A new study from the CA Department of Public Health indicates that kids younger than 6 who live near the EXIDE Battery Recycling Plant is likely to have more lead in their blood than kids in LA County overall.
For some, who have been fighting the fight to get more cleanup resources after the 2015 closure of the plant, the finding is no surprise. For others it’s just shocking.
Elizabeth Gonzalez was just picking up her kids from Bandini Elementary School when we ran into to her and asked her reaction to the findings. She was shocked. Except for, “wow, alarming…” she was at a loss for words. She said the blood of her 6-year-old son Jeremiah and 9-year-daughter have never had abnormal levels of blood when tested the report gave her a pause for thought.
Mark Lopez is the latest in his family to be fighting the fight against the company that, not only, had run-ins with regulators but also had to declare bankruptcy in 2013. It closed down permanently in 2013. The concerns were pollutants including lead and arsenic. Both are used in battery recycling.
Lopez is the Executive Director of East Yard Communities for Environmental Justice. In reaction to the state study he says, “You know it kinda confirms our fears. We’ve been pushing for the release of this data for some time now and we know that the area that’s been identified for cleanup is not large enough.”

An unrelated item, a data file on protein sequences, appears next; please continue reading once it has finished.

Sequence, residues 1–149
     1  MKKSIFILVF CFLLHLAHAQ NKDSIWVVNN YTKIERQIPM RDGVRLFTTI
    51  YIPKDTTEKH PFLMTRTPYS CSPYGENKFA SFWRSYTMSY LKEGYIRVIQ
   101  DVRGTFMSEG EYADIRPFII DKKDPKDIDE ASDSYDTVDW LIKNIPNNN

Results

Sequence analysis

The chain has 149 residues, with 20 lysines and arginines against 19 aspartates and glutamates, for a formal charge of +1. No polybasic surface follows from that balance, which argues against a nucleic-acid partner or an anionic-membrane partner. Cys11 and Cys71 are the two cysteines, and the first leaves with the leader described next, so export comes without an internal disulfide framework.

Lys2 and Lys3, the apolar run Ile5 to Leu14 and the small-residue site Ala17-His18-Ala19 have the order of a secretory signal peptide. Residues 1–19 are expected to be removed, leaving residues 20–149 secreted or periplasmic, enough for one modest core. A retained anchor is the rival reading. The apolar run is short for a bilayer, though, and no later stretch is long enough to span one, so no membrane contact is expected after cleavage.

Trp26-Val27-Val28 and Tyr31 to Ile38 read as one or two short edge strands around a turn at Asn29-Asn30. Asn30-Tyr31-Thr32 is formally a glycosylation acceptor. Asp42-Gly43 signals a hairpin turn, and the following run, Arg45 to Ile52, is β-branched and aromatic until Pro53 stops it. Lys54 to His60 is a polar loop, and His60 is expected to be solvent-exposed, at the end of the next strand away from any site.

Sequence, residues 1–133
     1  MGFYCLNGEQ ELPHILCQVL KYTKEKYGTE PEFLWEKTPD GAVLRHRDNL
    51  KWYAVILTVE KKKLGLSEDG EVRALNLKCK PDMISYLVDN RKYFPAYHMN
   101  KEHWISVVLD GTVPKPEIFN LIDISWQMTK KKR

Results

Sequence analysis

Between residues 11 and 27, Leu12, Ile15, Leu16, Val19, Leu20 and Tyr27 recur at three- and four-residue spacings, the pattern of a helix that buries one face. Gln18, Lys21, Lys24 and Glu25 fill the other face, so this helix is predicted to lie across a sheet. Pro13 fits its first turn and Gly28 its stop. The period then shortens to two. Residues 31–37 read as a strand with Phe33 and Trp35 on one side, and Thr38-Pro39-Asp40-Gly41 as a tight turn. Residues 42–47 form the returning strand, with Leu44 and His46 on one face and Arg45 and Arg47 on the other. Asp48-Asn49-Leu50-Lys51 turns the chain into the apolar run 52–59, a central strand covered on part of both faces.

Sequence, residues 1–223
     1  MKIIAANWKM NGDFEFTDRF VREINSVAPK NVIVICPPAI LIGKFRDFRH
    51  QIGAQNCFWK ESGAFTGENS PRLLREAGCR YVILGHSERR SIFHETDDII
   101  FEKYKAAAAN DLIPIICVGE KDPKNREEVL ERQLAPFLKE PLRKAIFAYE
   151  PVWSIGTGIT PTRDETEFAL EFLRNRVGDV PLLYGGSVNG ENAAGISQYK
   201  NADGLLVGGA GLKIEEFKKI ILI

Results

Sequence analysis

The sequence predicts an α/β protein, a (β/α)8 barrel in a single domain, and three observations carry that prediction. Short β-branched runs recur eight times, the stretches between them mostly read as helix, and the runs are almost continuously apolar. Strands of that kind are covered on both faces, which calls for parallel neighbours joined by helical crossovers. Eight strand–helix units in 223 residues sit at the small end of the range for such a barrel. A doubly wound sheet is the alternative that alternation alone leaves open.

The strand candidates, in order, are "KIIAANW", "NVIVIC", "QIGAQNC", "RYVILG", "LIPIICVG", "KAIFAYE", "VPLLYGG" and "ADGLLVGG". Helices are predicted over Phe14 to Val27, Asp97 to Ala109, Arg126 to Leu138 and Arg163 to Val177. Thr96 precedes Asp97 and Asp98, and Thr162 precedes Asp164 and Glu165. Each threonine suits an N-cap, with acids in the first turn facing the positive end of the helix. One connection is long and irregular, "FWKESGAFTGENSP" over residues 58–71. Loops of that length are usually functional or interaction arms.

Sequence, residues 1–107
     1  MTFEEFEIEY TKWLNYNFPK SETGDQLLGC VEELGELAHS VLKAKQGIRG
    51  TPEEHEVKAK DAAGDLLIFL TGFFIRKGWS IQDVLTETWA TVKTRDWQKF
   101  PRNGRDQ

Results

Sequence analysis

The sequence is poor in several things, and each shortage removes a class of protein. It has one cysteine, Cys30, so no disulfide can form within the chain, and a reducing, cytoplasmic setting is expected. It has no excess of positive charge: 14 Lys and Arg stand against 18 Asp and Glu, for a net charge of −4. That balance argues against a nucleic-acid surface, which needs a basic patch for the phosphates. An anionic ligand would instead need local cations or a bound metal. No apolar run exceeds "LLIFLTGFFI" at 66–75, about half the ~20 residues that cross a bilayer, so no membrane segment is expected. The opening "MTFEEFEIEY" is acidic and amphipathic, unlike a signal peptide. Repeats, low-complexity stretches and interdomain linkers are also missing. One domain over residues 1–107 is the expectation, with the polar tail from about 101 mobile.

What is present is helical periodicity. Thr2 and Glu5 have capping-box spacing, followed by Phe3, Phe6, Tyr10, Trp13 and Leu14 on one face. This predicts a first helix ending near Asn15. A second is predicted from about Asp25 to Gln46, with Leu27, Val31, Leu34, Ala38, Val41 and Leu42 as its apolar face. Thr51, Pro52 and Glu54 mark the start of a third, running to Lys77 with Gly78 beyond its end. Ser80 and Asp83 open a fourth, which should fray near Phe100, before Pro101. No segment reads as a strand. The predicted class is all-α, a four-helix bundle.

He says the sampling and cleanup area, so far, has been in a radius of 1.7 miles from the Exide site. But, the blood tests showing elevated lead levels has been in an area 4.5 miles in radius. Lopez says more needs to be done. He says, “a lot of folks in our communities are undocumented. some are uninsured so we want to be sure there are free services to provide the support that we need.
He’d also like to see more comprehensive sampling. The new study also suggested some of the higher lead levels could be coming from paint in pre-1948 homes.
In response to our request for a reaction, EXIDE representatives sent us this statement just before 6pm:
Today, Exide learned that the California Department of Public Health (CDPH) released an analysis related to certain blood lead testing. Exide has been asking the CDPH and other California agencies to release this information.
Exide is studying the analysis, and the Company is not surprised to see that the age of the housing stock ? indicating the likely presence of leaded paint ? is an important predictor of blood lead levels. Exide continues to fund a blood lead testing program administered by the County of Los Angeles Health Department.
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